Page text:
Leishman Goes Low
Australia’s Marc Leishman credited a new attitude to life for firing an eight-under-par 64 in the third round of The 144TH Open Championship at St Andrews.
The 31 year-old from Warrambool, Victoria, confirmed his mindset changed earlier this year after his wife, Audrey, spent a month in a coma suffering from acute respiratory distress syndrome and toxic shock syndrome. He admitted he no longer gets so perturbed when he hits the odd bad shot on the golf course.
“When something like that happens it tend to put a different perspective on life,” he said.
“I feel like I’ve always had a pretty good outlook but now it takes a lot more to worry me.
“I don’t get annoyed by the little things that I can’t really help.
“I know that if I have a bad day on the golf course I can still go home and give Audrey and the boys a hug and there was a while when I didn’t thing I was going to be able to do that.
“The good news is she’s all right now although she’s still got no energy,” he added. “One of the side-effects of being in a coma for so long is your muscles basically waste away. When she woke up she was so bad she couldn’t lift her phone but now she’s on the mend and that’s all that matters.”
The 31 year-old from Warrnambool, Victoria, carded eight birdies and ten pars to shave one shot of the previous best score of the week recorded by Dustin Johnson in Thursday’s first round and it helped him to jump into the top-ten on the leaderboard on nine-under-par 207.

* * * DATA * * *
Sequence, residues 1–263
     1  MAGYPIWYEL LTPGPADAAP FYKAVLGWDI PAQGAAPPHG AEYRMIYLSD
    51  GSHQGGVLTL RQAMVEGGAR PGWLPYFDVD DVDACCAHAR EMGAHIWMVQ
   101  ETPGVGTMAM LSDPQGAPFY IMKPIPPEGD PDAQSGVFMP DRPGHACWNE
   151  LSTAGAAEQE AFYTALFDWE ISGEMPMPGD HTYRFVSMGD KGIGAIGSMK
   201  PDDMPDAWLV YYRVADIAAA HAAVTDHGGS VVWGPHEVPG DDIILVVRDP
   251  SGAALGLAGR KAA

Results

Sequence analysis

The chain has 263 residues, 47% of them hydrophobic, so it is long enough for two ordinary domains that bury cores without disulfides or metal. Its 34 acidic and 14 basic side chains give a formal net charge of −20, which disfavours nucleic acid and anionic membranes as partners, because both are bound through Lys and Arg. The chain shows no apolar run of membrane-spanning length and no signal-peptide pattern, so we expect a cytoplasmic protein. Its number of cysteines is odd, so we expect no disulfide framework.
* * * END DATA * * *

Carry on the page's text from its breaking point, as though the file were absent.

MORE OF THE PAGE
It was also one shot less than his previous best score in The Open which came in the final round of last year’s Championship at Hoylake where he carded a 65 to catapult himself up into a share of fifth place just five shots behind Rory McIlroy.
Leishman birdied the 4TH, 5TH, 7TH and 8TH to race to the turn in four-under-par 32 and then moved further into red figures with four more birdies on the 10TH, 11TH, 13TH and 15TH before missing a couple of other chances over the last three holes.
“I take a lot of good things from last year because I learned there that I can hit the shots when I need to,” he said. “I also learned a lot playing with Scottie in the last round of the Masters (in 2013). It was great to get a front row seat there because I was there to see him make some mistakes and then recover from them. It showed me you don’t have to play perfect golf to win.
“Today was really good and it could even have been better,” he added. “I hit two good shots into 16 and the (birdie) putt on 17 looked in all the way but that’s what happens sometimes.”